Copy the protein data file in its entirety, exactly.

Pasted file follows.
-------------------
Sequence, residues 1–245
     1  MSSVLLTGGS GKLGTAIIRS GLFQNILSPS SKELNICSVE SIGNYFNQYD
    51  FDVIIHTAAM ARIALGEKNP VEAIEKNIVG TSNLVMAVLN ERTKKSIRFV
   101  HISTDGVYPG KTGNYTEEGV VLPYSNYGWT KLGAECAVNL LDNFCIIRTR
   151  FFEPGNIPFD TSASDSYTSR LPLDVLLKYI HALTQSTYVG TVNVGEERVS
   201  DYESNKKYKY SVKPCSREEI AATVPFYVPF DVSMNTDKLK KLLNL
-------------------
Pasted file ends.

Sequence, residues 1–245
     1  MSSVLLTGGS GKLGTAIIRS GLFQNILSPS SKELNICSVE SIGNYFNQYD
    51  FDVIIHTAAM ARIALGEKNP VEAIEKNIVG TSNLVMAVLN ERTKKSIRFV
   101  HISTDGVYPG KTGNYTEEGV VLPYSNYGWT KLGAECAVNL LDNFCIIRTR
   151  FFEPGNIPFD TSASDSYTSR LPLDVLLKYI HALTQSTYVG TVNVGEERVS
   201  DYESNKKYKY SVKPCSREEI AATVPFYVPF DVSMNTDKLK KLLNL